District Court erred in Remanding Class Action to State Court because Defense Established Removal Jurisdiction under CAFA (Class Action Fairness Act) Seventh Circuit Holds
Plaintiff filed a class action complaint in state court against Vertrue alleging that it improperly billed its customers for unauthorized charges; specifically, the putative class action “proposed to represent a class of persons whose credit cards had been charged without authorization through 22 of Vertrue’s programs.” Spivey v. Vertrue, Inc., 528 F.3d 982, 983 (7th Cir. 2008). Defense attorneys removed the class action to federal court, asserting that federal court jurisdiction existed under the Class Action Fairness Act (CAFA); plaintiff’s lawyer moved to remand the class action to state court, arguing that the amount in controversy did not exceed $5 million. Id. The district court agreed with plaintiff and remanded the class action to state court, id. Defense attorneys petitioned the Seventh Circuit for leave to appeal, as authorized by CAFA. Id. Plaintiff objected on the ground that the petition was untimely – defense attorneys “mailed the petition on the seventh day after the district court’s remand order, and the petition reached [the Circuit Court], and so was ‘filed,’ see Fed. R.App. P. 25(a)(2), on April 18, 2008, the tenth day after the district court’s order.” Id. The Seventh Circuit granted leave to appeal, held that the petition was timely, and reversed.
The Class Action Fairness Act authorizes an appellate court to review a district court order “granting or denying a motion to remand a class action to the State court from which it was removed if application is made to the court of appeals not less than 7 days after entry of the order.” Spivey, at 983 (quoting § 1453(c)(1)). The Seventh Circuit held at page 983 that “[t]he petition was timely under this language” because it was filed “not less than 7 days” following entry of the order remanding the class action to state court. Id. Plaintiff’s lawyer argued that Congress clearly intended to require a petition for review to be filed “not more than 7 days” after the order is entered, and that “not less than 7 days” is patently erroneous. Id. The Circuit Court noted that several courts have noted this ambiguity and yet Congress has not acted, thus suggesting that CAFA says what Congress intended. Id., at 983-84 (citations omitted). It therefore rejected the arguments of treatises and other courts that reading § 1453(c)(1) literally creates an absurdity, id., at 984. Indeed, the Seventh Circuit noted at page 984, “To the extent that our colleagues in other circuits hold that a petition filed within seven days of the district court’s order should be accepted, rather than thrown out with instructions to submit another once a week has passed, we concur. Whether a petition filed within a week after the remand is timely was the question actually presented in those appeals. An affirmative answer tracks Fed. R.App. P. 4(a)(2), which says that a premature notice of appeal remains on file and springs into effect when the decision becomes appealable. It makes sense to use the same approach for a premature permission for leave to appeal.” But on the other hand, no federal court had thrown out a petition as untimely when it complied with the literally language of the statute as that would be fundamentally unfair, id., at 984-85. “Litigants and lawyers always should be safe in relying on a statute’s actual language.” Id., at 985. This is particularly true in this case, the Circuit Court explained, because defense attorneys expressly attempted to avoid the ambiguity in the statute “by straddling the deadline.” Id. Accordingly, the Court held that the petition was timely.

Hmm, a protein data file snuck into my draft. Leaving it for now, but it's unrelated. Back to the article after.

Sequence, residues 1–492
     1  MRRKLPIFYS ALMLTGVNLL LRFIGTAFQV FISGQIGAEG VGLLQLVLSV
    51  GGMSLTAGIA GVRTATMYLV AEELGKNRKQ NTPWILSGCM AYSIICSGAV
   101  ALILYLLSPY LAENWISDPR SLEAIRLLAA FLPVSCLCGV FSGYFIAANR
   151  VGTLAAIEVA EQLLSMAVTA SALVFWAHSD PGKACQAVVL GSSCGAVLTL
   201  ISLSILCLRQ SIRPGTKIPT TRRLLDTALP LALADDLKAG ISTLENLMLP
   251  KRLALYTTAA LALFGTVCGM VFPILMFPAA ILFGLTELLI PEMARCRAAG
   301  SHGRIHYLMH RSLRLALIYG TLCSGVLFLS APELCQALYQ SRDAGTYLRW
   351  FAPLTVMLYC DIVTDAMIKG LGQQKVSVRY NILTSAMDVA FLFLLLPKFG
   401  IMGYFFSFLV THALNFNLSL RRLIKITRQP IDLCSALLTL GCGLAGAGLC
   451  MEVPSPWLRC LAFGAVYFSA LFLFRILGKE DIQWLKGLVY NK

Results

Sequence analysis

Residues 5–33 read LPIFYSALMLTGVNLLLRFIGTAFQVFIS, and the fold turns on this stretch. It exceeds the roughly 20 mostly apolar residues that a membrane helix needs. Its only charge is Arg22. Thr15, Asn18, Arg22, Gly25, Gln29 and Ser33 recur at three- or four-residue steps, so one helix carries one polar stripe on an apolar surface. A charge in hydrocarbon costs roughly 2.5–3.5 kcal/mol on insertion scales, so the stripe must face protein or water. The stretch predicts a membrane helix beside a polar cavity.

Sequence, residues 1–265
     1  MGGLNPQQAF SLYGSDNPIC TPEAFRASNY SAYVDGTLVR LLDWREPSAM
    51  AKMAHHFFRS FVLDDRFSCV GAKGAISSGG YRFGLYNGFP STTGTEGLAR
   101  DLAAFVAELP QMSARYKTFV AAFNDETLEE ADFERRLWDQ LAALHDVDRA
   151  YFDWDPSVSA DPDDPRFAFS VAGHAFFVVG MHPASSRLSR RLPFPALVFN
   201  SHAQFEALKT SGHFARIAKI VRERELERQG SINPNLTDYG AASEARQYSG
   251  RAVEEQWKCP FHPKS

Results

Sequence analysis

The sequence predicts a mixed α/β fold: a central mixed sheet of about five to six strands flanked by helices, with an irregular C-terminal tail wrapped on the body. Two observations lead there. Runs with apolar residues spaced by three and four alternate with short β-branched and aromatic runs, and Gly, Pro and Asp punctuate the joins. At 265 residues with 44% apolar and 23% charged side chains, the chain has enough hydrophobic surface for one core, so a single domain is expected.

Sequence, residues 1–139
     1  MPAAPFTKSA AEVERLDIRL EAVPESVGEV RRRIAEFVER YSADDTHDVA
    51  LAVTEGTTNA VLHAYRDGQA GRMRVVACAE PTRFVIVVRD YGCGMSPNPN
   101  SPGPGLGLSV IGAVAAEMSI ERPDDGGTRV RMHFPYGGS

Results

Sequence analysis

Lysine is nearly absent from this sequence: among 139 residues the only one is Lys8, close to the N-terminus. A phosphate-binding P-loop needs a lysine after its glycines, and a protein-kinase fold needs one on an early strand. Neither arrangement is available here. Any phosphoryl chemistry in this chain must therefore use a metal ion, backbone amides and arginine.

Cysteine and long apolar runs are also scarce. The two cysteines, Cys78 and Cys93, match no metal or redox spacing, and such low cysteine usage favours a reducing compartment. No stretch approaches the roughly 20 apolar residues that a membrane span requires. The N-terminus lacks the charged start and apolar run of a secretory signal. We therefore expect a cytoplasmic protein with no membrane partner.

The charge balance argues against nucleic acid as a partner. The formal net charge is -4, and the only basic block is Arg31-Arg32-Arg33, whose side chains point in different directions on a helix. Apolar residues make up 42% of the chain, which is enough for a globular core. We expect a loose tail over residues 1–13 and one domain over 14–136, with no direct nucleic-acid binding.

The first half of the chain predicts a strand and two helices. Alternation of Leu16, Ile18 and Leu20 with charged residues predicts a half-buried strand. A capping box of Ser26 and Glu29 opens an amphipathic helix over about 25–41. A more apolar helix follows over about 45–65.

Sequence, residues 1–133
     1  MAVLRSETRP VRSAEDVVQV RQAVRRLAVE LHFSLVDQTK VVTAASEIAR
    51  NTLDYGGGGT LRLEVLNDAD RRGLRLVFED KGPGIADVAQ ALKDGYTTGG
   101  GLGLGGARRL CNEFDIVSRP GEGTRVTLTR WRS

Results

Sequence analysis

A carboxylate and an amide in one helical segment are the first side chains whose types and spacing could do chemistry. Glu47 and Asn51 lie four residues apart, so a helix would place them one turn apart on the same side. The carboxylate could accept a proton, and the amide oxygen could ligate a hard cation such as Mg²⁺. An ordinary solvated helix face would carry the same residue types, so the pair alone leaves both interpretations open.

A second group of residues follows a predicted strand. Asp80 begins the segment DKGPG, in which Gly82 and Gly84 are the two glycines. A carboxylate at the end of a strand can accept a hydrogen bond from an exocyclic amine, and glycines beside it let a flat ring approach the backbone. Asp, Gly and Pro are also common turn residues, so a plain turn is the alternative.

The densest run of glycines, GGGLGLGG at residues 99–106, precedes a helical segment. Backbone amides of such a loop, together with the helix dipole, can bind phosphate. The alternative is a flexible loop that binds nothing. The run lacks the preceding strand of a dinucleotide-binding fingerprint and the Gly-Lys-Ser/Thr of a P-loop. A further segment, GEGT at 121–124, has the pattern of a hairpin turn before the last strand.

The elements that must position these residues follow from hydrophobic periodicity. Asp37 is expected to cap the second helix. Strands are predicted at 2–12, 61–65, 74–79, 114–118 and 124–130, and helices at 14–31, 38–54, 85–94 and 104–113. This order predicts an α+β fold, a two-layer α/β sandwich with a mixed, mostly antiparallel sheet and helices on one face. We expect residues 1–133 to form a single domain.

Turning to the merits, the Circuit Court explained that the defense met the $5 million limit by submitting evidence that “[Vertrue’s] billings, for 4 of the 22 programs in Illinois alone, come to almost $7 million.” Spivey, at 985. The district court found this insufficient “because Vertrue did not concede that more than $5 million in charges was unauthorized.” Id. This was error, the Seventh Circuit explained, because the jurisdictional limit is defined by the amount in controversy, not the amount plaintiff “is sure to recover.” Id., at 985-86. Put simply, “A removing defendant need not ‘confess liability in order to show that the controversy exceeds the threshold.’” Id., at 986 (citation omitted). Because defense attorneys “explained plausibly how the stakes exceed $5 million,” the class action properly had been removed to federal court “unless it is legally impossible for the plaintiff to recover that much.” Id. (citations omitted). That, however, was not the basis for the district court’s order remanding the class action to state court; rather, “the judge said that Vertrue’s failure to admit what portion of all charges was unauthorized makes it uncertain how high the judgment (if any) will be.” Id. In that, the district court erred. Accordingly, the Court reversed the lower court’s remand order and sent the class action back to the federal court “for adjudication on the merits.” Id.